A major NCPR study on learning communities is underway. Learning communities are a popular strategy that community colleges nationwide have embraced in support of developmental students. In a learning community, a cohort of students takes two or more courses linked by integrated themes and assignments that are developed through ongoing faculty collaboration. Led by researchers from MDRC, NCPR is conducting a study evaluating learning communities for students in need of remediation at six community colleges around the country. The sites include a wide range of learning community models, with some focused on developmental math, others focused on developmental English or reading, and one with a career focus. These courses are linked with student success courses, other developmental courses, and college content courses in different configurations across the sites.
Transcript-level data are being used to evaluate the impact of assigning students to a learning community, using the following outcome measures: registration for any courses; number of courses attempted (regular and developmental); number of courses passed (regular and developmental); course withdrawals; English and/or math test scores; total semesters enrolled; total credits earned; GPA; course-level information, including course title and possible credits; major; degrees or certificates awarded; and transfer to other postsecondary institutions. A paper that summarizes previous research on learning communities and that describes the design of this study --The Learning Communities
Demonstration: Rationale, Sites, and Research Design
by Visher, M. G., Wathington, H., Richburg-Hayes, L., and Schneider, E. -- was released in 2008. A report on the early implementation findings and on baseline characteristics -- Scaling Up Learning Communities: The Experience of Six Community Colleges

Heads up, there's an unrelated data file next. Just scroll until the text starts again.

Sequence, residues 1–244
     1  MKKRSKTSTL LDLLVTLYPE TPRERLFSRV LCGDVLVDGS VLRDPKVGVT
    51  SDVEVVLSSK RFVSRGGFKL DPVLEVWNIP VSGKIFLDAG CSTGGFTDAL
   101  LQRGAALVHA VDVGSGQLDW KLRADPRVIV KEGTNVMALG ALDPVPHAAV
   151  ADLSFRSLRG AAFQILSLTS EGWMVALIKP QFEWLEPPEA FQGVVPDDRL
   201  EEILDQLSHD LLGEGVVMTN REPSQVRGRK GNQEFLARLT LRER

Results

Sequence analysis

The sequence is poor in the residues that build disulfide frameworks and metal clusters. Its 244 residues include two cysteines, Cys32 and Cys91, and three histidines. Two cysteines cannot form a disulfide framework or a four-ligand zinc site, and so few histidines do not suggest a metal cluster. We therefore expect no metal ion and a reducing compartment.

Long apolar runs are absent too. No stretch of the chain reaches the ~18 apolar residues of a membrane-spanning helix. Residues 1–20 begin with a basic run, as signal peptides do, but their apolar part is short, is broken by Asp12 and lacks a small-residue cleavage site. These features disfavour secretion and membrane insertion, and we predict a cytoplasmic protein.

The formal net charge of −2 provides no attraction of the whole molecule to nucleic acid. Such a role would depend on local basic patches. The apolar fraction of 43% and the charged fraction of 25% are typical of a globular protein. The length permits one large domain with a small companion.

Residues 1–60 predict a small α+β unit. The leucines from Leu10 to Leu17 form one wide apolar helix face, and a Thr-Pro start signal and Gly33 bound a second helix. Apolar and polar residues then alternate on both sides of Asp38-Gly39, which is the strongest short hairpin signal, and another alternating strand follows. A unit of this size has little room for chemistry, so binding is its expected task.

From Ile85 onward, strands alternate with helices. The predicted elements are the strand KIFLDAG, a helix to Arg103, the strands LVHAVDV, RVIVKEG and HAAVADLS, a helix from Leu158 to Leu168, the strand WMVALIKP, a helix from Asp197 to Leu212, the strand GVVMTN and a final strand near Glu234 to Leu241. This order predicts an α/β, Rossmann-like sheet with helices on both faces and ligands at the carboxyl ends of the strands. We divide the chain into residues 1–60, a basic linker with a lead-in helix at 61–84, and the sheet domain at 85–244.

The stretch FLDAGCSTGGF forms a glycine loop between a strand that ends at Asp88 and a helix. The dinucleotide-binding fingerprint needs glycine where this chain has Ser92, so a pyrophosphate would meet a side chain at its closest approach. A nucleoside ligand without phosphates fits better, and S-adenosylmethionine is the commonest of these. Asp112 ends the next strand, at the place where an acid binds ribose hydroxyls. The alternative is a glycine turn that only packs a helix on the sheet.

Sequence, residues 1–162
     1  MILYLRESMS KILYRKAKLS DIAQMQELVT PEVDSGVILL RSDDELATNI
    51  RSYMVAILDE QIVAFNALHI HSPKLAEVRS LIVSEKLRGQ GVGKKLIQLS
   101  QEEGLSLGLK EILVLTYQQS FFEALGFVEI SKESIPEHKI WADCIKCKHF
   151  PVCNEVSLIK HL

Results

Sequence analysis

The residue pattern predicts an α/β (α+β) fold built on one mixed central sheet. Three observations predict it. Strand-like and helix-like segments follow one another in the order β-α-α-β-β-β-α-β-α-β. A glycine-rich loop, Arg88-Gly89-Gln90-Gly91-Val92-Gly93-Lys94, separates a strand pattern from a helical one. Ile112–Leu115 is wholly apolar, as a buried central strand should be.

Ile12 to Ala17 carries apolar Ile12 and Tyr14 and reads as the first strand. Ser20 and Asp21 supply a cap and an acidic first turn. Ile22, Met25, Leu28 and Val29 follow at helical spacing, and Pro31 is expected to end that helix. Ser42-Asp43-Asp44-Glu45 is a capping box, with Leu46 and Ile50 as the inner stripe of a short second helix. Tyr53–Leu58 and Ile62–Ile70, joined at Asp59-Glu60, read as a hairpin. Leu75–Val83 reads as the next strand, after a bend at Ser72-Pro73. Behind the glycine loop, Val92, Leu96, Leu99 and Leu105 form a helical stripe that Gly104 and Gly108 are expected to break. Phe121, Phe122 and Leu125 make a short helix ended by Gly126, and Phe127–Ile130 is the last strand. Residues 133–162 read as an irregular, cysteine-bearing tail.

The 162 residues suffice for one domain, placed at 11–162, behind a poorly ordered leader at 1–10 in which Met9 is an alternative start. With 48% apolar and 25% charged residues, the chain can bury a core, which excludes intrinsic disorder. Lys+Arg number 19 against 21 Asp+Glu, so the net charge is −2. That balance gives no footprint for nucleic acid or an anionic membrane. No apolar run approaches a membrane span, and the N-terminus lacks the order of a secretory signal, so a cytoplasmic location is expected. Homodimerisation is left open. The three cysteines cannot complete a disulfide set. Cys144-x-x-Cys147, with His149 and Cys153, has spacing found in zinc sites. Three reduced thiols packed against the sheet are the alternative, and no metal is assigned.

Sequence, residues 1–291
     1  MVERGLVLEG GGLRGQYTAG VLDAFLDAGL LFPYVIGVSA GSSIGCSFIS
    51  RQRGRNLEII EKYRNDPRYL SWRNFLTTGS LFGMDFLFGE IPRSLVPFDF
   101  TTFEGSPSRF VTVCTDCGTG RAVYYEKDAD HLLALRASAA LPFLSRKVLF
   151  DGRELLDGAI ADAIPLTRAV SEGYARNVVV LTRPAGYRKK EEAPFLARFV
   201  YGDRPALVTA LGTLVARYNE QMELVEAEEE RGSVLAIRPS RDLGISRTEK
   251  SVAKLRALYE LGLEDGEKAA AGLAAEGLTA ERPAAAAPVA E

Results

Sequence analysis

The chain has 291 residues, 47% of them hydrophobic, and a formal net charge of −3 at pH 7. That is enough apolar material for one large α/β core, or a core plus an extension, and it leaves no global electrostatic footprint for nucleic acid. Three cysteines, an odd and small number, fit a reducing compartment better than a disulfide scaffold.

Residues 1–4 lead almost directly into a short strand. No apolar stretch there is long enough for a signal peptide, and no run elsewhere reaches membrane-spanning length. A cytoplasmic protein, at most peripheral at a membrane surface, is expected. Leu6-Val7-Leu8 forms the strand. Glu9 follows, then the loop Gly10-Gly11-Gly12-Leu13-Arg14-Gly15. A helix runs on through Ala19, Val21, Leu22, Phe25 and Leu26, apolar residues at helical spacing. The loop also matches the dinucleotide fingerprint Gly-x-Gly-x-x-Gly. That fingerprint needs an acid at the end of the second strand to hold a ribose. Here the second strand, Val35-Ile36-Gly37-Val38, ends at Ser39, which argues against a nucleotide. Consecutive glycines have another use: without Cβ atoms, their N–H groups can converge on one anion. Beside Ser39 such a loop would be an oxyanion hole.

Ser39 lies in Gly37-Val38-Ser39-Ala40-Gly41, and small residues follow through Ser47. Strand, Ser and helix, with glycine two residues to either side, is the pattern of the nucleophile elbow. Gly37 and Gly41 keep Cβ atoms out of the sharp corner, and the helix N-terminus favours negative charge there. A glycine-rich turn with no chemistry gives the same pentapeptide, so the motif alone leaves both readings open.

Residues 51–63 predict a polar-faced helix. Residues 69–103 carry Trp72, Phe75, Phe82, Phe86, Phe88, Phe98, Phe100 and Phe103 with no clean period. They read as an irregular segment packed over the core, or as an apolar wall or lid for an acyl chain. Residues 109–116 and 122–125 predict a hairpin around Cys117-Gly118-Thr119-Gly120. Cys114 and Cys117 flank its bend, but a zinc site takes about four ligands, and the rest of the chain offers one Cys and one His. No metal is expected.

by Visher, M. G., Schneider, E., Wathington, H., and Collado, H. -- was released in March 2010. (All NCPR publications are available on the NCPR website, here
The Community College Research Center has for some time carried out research on dual enrollment programs. While such programs were once limited to high-achieving, academically focused students, today many educators and policymakers view dual enrollment as a strategy to help a wider range of students, including career and technical education students, make the transition from high school to college. To further strengthen the research base on dual enrollment, IES is, through NCPR, providing some funding for the evaluation of the Concurrent Courses Initiative
This initiative, primarily funded by The James Irvine Foundation, provides support to eight secondary/postsecondary partnerships in California as they develop, enhance, and expand career-focused dual enrollment programs particularly for low-income or underrepresented youth. Participating students will be tracked over time and their outcomes compared to similar non-participants. Researchers will also assess the possibility of conducting subsequent experimental research on the programs. State data analysis.